Extreme weather in Mexico this year has killed an estimated 7 percent of the monarch butterfly population. The long-term survival of the butterfly may be threatened.
Extreme weather earlier this year decimated large swaths of sensitive forest habitat where monarch butterflies winter in Mexico, according to a study released on Tuesday.
Storms in March destroyed 54 hectares (135 acres) of the core of Mexico's Monarch Butterfly Biosphere Reserve, located at the border of the states of Mexico and Michoacan. That's more than four times more habitat destruction than illegal logging, which declined 40 percent this year.
It was the worst weather damage since 2009-10 when storms destroyed more than 100 hectares of forest.
While the loss constitutes a small percentage of the of the 13,551-hectare (34,000-acre) area of the reserve's core, scientists said the second major weather event in five years is troubling.
"It's worrying because this may indicate that the weather will continue to become more extreme," said Omar Vidal, director-general of the Mexican arm of the World Wildlife Fund, which issued the study alongside Mexico's National Autonomous University, the National Commission for Natural Protected Areas and others.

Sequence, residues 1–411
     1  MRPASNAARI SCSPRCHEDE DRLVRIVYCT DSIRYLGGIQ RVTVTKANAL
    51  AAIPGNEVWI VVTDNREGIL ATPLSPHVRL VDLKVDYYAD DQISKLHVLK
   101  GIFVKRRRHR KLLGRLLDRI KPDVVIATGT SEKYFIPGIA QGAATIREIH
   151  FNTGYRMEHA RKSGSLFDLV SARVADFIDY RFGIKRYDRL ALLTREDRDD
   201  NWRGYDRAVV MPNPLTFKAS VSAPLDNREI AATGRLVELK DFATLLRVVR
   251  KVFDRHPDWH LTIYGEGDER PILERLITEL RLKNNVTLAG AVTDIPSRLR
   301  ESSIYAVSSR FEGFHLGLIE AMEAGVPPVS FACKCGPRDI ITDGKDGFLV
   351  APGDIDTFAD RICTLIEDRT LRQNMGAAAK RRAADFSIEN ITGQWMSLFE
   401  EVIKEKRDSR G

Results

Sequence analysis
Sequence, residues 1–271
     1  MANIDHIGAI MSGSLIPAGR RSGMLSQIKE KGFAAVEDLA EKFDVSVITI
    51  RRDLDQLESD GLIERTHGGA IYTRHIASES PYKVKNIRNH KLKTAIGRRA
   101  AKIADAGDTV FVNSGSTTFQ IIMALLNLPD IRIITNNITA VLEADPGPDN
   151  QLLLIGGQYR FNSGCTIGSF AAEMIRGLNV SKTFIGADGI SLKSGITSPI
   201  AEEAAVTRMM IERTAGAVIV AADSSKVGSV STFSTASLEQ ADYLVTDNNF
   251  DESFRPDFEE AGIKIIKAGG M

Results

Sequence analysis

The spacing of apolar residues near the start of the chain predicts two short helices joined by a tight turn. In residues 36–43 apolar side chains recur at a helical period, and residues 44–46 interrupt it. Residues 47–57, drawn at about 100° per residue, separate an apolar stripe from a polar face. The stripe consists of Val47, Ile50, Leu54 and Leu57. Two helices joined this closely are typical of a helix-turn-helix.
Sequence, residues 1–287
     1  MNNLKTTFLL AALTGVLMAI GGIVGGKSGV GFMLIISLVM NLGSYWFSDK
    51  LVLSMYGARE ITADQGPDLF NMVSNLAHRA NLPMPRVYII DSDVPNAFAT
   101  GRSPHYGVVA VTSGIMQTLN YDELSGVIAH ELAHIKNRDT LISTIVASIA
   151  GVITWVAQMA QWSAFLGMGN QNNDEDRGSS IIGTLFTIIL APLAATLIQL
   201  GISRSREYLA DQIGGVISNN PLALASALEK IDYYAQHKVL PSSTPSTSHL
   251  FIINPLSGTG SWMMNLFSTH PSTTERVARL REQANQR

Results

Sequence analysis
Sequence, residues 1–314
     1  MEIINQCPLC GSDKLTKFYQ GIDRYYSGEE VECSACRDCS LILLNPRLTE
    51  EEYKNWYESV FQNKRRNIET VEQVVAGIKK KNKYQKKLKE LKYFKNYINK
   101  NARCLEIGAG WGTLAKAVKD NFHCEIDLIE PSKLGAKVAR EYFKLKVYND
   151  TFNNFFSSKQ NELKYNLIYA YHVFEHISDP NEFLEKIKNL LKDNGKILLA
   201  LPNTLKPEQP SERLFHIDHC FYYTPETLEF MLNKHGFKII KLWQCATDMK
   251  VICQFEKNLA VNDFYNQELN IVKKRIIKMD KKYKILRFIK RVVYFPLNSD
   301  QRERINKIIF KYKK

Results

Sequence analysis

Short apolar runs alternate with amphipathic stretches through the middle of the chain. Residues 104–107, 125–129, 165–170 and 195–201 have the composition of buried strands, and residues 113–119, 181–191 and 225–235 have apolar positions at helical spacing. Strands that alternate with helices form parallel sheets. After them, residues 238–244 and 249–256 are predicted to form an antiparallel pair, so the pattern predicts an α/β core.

"It's a large amount of trees, it's a large amount of forest, so essentially we're losing habitat for the monarch in this sanctuary," he added. "We need to restore areas that have been deforested, either by illegal logging or violent winds, so that the monarch continues visiting these areas in the long run."
The storms combined high winds, rain and freezing temperatures, causing millions of butterflies to die.
Alejandro Del Mazo, the attorney general for environmental protection, said the storms killed about 6.2 million butterflies, or about 7.4 percent of the estimated 84 million butterflies that wintered in Mexico.
In one of Mother Nature's greatest migrations, the black and orange monarch travels every November 3,400 miles (5,500 kilometers) from Canada and the United States to biosphere reserve to hibernate for five months.
There were an estimated 1 billion monarch butterflies two decades ago. The destruction of forest habitat in Mexico and loss of milkweed plants in the United States where the butterflies lay their eggs have contributed to a drastic decline in their population. Monarch larvae only eat milkweed plants.
Surveys earlier this year suggested monarch numbers could soon rise to 150 million. Conservations attributed the rise to favorable weather at the time and the planting of more milkweed.
Conservationist have tried to encourage poor communities in the area that money brought in by tourism is more valuable than illegal logging.
cw/sms (AP, Reuters)